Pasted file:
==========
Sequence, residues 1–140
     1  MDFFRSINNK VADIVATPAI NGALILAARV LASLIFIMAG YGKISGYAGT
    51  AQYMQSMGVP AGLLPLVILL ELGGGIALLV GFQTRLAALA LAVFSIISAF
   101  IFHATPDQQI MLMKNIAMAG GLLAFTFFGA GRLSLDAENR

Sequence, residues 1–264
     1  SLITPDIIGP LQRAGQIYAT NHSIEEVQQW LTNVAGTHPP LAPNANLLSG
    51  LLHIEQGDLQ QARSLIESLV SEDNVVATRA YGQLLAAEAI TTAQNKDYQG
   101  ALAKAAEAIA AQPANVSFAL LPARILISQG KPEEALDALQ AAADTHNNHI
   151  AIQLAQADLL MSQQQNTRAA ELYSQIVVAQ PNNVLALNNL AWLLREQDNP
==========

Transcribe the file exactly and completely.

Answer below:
Sequence, residues 1–140
     1  MDFFRSINNK VADIVATPAI NGALILAARV LASLIFIMAG YGKISGYAGT
    51  AQYMQSMGVP AGLLPLVILL ELGGGIALLV GFQTRLAALA LAVFSIISAF
   101  IFHATPDQQI MLMKNIAMAG GLLAFTFFGA GRLSLDAENR

Sequence, residues 1–264
     1  SLITPDIIGP LQRAGQIYAT NHSIEEVQQW LTNVAGTHPP LAPNANLLSG
    51  LLHIEQGDLQ QARSLIESLV SEDNVVATRA YGQLLAAEAI TTAQNKDYQG
   101  ALAKAAEAIA AQPANVSFAL LPARILISQG KPEEALDALQ AAADTHNNHI
   151  AIQLAQADLL MSQQQNTRAA ELYSQIVVAQ PNNVLALNNL AWLLREQDNP